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  #1 (permalink)  
Old 05-15-2014, 4:49 AM
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Default Philippines License

If you plan to go to the Philippines to live be sure and keep your American License up to date and renewed so you can avail of the reciprocal agreement that is in force. If you don't, you will need to start over and try to get a Philippine license. For me this has proven nearly impossible. I was a ham in the States for ten years. I know my ham stuff, at least what it takes to pass the FCC exams. But over here the tests are intentionally difficult, even for the entry level exam. Out of 100 plus people who took the test only seven passed. I was not one of them! The test was all about math and equations. It is clear to me now after taking the Amateur Radio exam that the NTC does not want new amateurs in the country, foreign or not. When only seven of over 100 plus pass the exam there is something wrong the exam. One thing I know for sure is that the NTC throws so many unnecessary math questions out there that only math majors or engineers need apply. This is wrong on so many levels. It violates the Amateur spirit and confirms in my mind that the government exercises inordinate control over every aspect of Philippine life. Is it any wonder that folks do not register their equipment with the NTC? Is it any wonder that folks use ham equipment without a certificate? This reminds me of the Marcos days. You can call this "sour grapes" or a "sore loser" if you want but a country of this size should have more than a couple thousand hams in it.
The NTC offers reciprocal license with the US but don't even try to get a Philippine license on your own by hard study. Instead of publishing the question pool as the FCC does in the US the NTC keeps the question pool a secret because it does not want to promote Amateur Radio but make it an exclusive club. I was a ham for ten years in the States with morse code training and have made thousands of contacts yet when I come to the Philippines I find the NTC is out of step with the rest of the world! Go to www.binisaya.do/exam.htm which is supposed to be the questions that appear on the NTC exam and you will find that it is not at all true. No matter how hard one studies the NTC will make sure very very few people get to join the "CLUB". It is a shame and disgrace. The citizens are not even allowed to use CB radio here legally. It was outlawed back in the 1970's.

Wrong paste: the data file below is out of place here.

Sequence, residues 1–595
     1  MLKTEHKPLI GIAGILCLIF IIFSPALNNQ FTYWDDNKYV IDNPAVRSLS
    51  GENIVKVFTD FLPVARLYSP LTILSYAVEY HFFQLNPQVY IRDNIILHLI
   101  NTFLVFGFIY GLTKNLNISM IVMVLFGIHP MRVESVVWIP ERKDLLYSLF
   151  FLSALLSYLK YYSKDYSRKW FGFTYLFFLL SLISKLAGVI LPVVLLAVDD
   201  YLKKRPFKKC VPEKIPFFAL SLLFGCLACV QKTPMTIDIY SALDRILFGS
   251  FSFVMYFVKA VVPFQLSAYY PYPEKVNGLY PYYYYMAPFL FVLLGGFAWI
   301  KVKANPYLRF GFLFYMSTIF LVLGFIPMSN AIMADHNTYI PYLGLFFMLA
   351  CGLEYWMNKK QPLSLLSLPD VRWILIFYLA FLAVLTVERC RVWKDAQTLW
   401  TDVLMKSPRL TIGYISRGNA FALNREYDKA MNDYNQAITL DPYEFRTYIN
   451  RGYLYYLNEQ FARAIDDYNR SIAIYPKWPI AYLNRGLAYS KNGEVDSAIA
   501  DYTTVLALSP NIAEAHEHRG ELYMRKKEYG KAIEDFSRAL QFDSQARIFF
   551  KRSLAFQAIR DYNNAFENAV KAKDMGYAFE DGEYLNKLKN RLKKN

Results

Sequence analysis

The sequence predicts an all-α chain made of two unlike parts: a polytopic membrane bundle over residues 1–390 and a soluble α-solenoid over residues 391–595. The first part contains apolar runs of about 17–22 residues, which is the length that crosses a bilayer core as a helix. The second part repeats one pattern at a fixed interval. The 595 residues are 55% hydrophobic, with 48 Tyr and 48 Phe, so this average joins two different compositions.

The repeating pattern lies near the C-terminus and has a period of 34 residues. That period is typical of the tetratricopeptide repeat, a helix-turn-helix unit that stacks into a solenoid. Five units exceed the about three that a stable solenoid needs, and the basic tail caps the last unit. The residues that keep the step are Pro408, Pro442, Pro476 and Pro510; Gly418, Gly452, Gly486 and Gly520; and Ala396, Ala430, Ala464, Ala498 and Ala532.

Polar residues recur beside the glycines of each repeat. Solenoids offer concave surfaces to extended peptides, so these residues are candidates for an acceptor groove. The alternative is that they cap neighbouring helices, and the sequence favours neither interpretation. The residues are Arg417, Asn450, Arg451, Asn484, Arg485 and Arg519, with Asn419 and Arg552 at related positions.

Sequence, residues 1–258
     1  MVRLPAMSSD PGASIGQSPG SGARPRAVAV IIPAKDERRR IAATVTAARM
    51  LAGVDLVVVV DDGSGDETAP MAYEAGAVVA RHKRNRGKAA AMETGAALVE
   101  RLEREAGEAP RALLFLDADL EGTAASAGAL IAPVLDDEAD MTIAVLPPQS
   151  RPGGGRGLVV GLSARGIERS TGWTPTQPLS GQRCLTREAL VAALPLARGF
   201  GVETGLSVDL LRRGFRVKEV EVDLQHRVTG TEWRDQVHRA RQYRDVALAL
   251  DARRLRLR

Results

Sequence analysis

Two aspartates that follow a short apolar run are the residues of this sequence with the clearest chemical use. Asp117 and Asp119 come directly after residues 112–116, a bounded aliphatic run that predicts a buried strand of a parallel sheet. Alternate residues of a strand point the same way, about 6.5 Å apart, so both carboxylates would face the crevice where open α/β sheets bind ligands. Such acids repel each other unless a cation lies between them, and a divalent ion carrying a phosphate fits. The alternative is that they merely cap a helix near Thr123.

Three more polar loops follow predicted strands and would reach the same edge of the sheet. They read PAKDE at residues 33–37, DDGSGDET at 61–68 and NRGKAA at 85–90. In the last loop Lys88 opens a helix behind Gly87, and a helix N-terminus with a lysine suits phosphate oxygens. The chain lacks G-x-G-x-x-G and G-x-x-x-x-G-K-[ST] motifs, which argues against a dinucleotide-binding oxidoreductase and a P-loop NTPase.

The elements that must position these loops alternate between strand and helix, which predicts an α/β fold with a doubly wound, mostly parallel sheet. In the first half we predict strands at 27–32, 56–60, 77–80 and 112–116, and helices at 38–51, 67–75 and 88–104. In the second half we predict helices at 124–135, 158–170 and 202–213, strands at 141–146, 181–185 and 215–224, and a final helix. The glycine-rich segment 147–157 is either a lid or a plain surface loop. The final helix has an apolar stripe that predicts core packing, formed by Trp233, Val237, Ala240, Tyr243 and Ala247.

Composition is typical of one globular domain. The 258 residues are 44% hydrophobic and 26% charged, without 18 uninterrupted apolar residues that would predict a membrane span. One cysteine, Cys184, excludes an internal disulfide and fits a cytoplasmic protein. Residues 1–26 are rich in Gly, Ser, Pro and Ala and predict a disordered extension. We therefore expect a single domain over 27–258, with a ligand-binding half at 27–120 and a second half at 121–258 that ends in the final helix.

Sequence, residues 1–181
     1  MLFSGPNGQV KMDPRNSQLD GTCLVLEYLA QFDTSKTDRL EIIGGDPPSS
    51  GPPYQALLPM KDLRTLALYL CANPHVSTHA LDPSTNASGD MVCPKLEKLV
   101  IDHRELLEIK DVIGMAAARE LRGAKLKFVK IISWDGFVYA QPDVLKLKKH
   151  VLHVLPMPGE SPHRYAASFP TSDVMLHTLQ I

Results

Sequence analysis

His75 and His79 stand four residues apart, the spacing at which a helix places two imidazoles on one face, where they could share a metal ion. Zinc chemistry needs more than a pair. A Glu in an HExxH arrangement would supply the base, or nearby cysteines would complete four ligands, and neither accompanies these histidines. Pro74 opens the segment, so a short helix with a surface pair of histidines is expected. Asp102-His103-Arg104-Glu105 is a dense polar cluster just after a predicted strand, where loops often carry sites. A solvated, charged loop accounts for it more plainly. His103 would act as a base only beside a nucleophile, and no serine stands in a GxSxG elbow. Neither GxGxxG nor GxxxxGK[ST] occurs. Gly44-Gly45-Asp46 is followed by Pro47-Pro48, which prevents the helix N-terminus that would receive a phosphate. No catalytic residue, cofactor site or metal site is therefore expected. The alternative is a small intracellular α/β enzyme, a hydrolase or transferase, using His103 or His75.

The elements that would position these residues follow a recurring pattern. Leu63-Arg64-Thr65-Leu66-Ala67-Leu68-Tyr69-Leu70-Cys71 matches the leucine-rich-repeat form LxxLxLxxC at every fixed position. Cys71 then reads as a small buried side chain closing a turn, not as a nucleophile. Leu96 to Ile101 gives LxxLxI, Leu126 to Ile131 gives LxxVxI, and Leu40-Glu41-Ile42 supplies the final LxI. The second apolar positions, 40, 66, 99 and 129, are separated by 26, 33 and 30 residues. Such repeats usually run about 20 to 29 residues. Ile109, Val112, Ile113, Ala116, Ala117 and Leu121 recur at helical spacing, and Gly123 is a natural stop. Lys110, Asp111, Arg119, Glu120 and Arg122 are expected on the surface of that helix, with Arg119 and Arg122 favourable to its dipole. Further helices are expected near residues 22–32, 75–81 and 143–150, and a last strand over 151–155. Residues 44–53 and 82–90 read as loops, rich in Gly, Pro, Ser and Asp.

David Leonard
former KD4HOL
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Old 01-10-2018, 12:59 AM
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Default Relax dude....

I am both a U.S. Citizen and a Lawful Permanent Resident here in the Philippines. N6ZTE, by the way. However, while here that is "N6ZTE/Portable DU12" and have never encountered any problems. I once wasted a bunch of time at the U.S. Embassy getting the "He is a good guy" letter to take to the NTC and waste a lot of cash for a "Temporary Permit". It is not worth it. Nobody cares! Just be nice and follow protocol.
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Old 01-10-2018, 8:26 AM
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You can move back to the US, too.
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Old 01-10-2018, 10:16 AM
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You have my sympathy, Dave L. And probably the thanks a a few who may think of following in your footsteps.
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You bear out the truth that all ham licenses are not equal... a sad commentary if you are on the short end of that stick- but that's just the way the cookie crumbles when one steps outside the fair, regulated United States. As Americans we take so much for granted; a life lesson I strongly advise others --spend some time in the 'other worlds'- and see how much we have to appreciate here.